Search Images Maps Play YouTube News Gmail Drive More »
Sign in
Screen reader users: click this link for accessible mode. Accessible mode has the same essential features but works better with your reader.

Patents

  1. Advanced Patent Search
Publication numberUS5758549 A
Publication typeGrant
Application numberUS 08/649,403
Publication dateJun 2, 1998
Filing dateMay 17, 1996
Priority dateMay 17, 1996
Fee statusPaid
Publication number08649403, 649403, US 5758549 A, US 5758549A, US-A-5758549, US5758549 A, US5758549A
InventorsSteven J. DeTeresa, Scott E. Groves
Original AssigneeRegents Of The University Of California
Export CitationBiBTeX, EndNote, RefMan
External Links: USPTO, USPTO Assignment, Espacenet
Interface structure for hub and mass attachment in flywheel rotors
US 5758549 A
Abstract
An interface structure for hub and mass attachment in flywheel rotors. The interface structure efficiently transmits high radial compression forces and withstands both large circumferential elongation and local stresses generated by mass-loading and hub attachments. The interface structure is comprised of high-strength fiber, such as glass and carbon, woven into an angle pattern which is about 45 with respect to the rotor axis. The woven fiber is bonded by a ductile matrix material which is compatible with and adheres to the rotor material. This woven fiber is able to elongate in the circumferential direction to match the rotor growth during spinning.
Images(1)
Previous page
Next page
Claims(19)
The invention claimed is:
1. In a flywheel rotor, the improvement comprising:
interface means mounted within the rotor which transmits radial compression forces and withstands both circumferential elongation and local stresses generated by at least one of mass-loading and hub attachments.
2. The improvement of claim 1, wherein said interface means comprises a structure composed of cross-woven fibers.
3. The improvement of claim 2, wherein said cross-woven fibers are woven at an angle of about 30 to 60 with respect to an axis of the rotator.
4. The improvement of claim 3, wherein said angle is about 45.
5. The improvement of claim 2, wherein said cross-woven fibers are selected from the group consisting of glass, carbon, polyethylene, and aramid.
6. The improvement of claim 2, wherein said cross-woven fibers are bonded by a ductile matrix material compatible with and which adheres to material of said rotor.
7. The improvement of claim 6, wherein said ductile matrix material is selected from the group consisting of epoxies, thermosets, and thermoplastics.
8. An interface structure positioned between a rotor and a mass within the rotor, said interface structure comprising:
cross-woven fibers bonded by a ductile matrix material,
said cross-woven fibers being woven at an angle with respect to a longitudinal axis thereof.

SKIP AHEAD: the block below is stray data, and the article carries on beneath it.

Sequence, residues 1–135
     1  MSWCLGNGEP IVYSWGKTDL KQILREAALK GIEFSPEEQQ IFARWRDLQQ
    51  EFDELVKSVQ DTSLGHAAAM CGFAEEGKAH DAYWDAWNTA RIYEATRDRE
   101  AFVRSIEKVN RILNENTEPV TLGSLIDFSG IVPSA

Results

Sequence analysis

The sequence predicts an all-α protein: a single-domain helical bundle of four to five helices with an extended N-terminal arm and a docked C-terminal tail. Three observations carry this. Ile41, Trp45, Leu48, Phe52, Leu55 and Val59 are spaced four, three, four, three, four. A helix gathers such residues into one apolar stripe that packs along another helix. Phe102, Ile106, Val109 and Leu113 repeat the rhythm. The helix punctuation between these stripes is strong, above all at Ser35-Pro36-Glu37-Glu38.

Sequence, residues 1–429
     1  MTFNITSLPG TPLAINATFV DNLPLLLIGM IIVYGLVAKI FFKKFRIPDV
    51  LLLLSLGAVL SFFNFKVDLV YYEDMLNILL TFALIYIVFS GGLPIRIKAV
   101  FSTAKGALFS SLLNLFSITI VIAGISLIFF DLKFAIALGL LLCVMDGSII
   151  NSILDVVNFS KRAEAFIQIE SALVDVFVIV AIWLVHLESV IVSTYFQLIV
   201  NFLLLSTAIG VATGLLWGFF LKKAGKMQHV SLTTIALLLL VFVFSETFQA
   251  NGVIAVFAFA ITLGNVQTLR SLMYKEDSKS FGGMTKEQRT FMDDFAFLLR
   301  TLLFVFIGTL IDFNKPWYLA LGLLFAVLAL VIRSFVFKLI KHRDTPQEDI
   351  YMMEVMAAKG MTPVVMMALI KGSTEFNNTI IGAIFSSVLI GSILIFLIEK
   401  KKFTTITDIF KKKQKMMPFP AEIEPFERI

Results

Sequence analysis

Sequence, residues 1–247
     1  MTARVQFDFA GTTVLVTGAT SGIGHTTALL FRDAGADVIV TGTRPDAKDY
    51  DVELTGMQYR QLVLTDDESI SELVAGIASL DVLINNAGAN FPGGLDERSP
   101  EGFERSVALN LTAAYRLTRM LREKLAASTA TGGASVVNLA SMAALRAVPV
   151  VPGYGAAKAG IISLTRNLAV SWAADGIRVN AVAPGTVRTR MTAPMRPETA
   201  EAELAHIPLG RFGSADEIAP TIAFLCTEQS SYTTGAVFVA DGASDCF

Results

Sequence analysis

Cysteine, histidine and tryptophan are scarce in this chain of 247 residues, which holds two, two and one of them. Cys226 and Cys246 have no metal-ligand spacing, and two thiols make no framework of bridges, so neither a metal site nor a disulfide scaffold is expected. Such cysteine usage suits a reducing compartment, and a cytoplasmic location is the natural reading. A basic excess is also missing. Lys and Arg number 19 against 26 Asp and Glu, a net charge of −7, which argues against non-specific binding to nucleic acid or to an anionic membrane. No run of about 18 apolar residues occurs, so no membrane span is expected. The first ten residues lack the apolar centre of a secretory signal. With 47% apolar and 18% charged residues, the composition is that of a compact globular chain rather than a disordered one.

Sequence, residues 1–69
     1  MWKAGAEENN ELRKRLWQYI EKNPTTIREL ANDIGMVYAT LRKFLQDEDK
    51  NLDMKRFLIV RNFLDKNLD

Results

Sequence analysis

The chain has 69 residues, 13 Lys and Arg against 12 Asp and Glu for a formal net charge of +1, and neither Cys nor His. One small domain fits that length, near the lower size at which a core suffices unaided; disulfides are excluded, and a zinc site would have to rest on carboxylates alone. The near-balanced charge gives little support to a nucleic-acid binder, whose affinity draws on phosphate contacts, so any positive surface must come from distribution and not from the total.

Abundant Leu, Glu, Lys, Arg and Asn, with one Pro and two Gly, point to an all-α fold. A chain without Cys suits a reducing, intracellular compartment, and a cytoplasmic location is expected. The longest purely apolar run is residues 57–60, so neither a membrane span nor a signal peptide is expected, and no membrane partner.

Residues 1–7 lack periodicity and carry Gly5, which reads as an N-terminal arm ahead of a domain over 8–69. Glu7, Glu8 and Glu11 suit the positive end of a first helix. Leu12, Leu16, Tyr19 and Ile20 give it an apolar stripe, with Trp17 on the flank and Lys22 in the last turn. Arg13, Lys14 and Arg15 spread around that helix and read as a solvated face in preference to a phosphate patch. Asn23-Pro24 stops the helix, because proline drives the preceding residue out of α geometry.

9. The interface structure of claim 8, wherein said fibers are composed of material selected from the group consisting of glass, carbon, polyethylene, and aramid.
10. The interface structure of claim 8, wherein said ductile matrix material is selected from the group consisting of epoxies, thermosets, and thermoplastics.
11. The interface structure of claim 8, wherein said angle is in the range of 30 to 60.
12. The interface structure of claim 8, wherein said fibers comprise a 55-65% volume of the structure.
13. A flywheel including:
a rotor,
an interface structure within said rotor, and
a mass secured to said interface structure.
14. The flywheel of claim 13, wherein said interface structure includes cross-woven fibers.
15. The flywheel of claim 14, wherein said cross-woven fibers are woven at an angle with respect to the longitudinal axis of said interface structure.
16. The flywheel of claim 14, wherein said cross-woven fibers are bonded by a ductile matrix material compatible with and which adheres to said rotor.
17. The flywheel of claim 14, wherein said fibers are selected from the group consisting of glass, carbon, polyethylene, and aramid.
18. The flywheel of claim 15, wherein said angle of said cross-woven fibers is in the range of 30 to 60.
19. The flywheel of claim 14, wherein said cross-woven fibers comprise a 55-65% volume of said interface structure.
Description

The United States Government has rights in this invention pursuant to Contract No. W-7405-ENG-48 between the United States Department of Energy and the University of California for the operation of Lawrence Livermore National Laboratory.

BACKGROUND OF THE INVENTION

The present invention relates to flywheels, particularly to flywheels rotors, and more particularly to an interface structure for a flywheel rotor which enables the rotor to withstand centrifugal forces exerted by hub attachments and/or mass-loading materials.

Flywheels are being widely considered for energy storage and/or energy conversion devices, as well as in light-weight power sources.